“If you want the competitive edge, you really need to spend the most time on your finances – and that you’re getting the right loan offer for your needs,” Todd said. “Otherwise you’re just winging it.”

Evergreen is based in Seattle and operates in Oregon, Washington, California, Idaho, Arizona and Nevada. It’s also licensed in Alaska, but has no branches there yet.
“We’re growing in all those states,” Girard said. “We’re West Coast, and we’re staying here. We don’t really want to expand to full national.”

Evergreen’s pre-approval process isn’t particularly strange for buyers, but it does take more time before they can hit the road and go house shopping. The security of knowing how much money you have and what you can really afford, though, is a huge benefit, Girard and Todd said.

“We still have the same conversations with buyers,” Girard said. “But we do more up front. We gather all the information, asset documentation. We verify employment and run tax transcripts with the IRS before issuing an approval letter.”

Approval letters from other institutions are often only very weakly vetted at the start of the lending process, which can lead to significant problems and surprises down the line, Todd and Girard said. But buyers can’t shop for homes without one.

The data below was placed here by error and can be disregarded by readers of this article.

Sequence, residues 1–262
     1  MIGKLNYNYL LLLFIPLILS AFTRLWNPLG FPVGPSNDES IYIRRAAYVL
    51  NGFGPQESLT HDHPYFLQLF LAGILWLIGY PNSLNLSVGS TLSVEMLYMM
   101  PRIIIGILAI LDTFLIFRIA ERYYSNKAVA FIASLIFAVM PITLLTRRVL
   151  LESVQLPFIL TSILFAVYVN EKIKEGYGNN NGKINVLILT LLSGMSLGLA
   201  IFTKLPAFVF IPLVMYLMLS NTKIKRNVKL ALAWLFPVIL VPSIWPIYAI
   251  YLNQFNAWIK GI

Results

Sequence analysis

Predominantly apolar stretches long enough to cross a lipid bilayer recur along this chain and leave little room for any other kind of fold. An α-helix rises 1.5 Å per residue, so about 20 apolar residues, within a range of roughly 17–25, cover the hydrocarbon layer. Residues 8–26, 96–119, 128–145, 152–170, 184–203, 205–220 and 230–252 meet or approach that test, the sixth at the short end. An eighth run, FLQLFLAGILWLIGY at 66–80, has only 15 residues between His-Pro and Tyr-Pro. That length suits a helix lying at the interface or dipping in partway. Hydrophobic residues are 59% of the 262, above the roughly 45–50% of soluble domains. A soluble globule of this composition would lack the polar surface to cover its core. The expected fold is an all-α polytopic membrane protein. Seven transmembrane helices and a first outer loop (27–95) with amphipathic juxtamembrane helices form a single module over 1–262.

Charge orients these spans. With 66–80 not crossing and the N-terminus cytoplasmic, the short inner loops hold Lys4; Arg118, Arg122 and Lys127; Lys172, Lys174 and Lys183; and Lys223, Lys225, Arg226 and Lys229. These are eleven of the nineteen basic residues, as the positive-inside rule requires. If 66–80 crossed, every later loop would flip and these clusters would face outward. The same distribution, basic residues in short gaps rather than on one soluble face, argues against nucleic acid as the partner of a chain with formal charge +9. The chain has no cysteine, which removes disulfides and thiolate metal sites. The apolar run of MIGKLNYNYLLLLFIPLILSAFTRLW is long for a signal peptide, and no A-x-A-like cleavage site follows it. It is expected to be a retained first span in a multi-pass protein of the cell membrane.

Buyers used to get away with a lot more before the home lending market crashed in 2008. The crash got rid of some of the worst lending practices, but for some reason the weak pre-approval process remains at most companies, Girard said.

“Before 2008 or 2009, there were so many products,” Girard said. “You could get away with just using your stated income and nothing else for approval. Those days are gone. You have to prove your income now.”

Most mortgage lenders still only do a quick credit check and then get the approval letter out fast so the buyer can start shopping, but that can lead to problems like the one Todd faced when he first worked with Girard.

“Those big lenders, it’s kind of garbage in, garbage out,” Girard said. “There’s more to this than a quick conversation and an automated system.”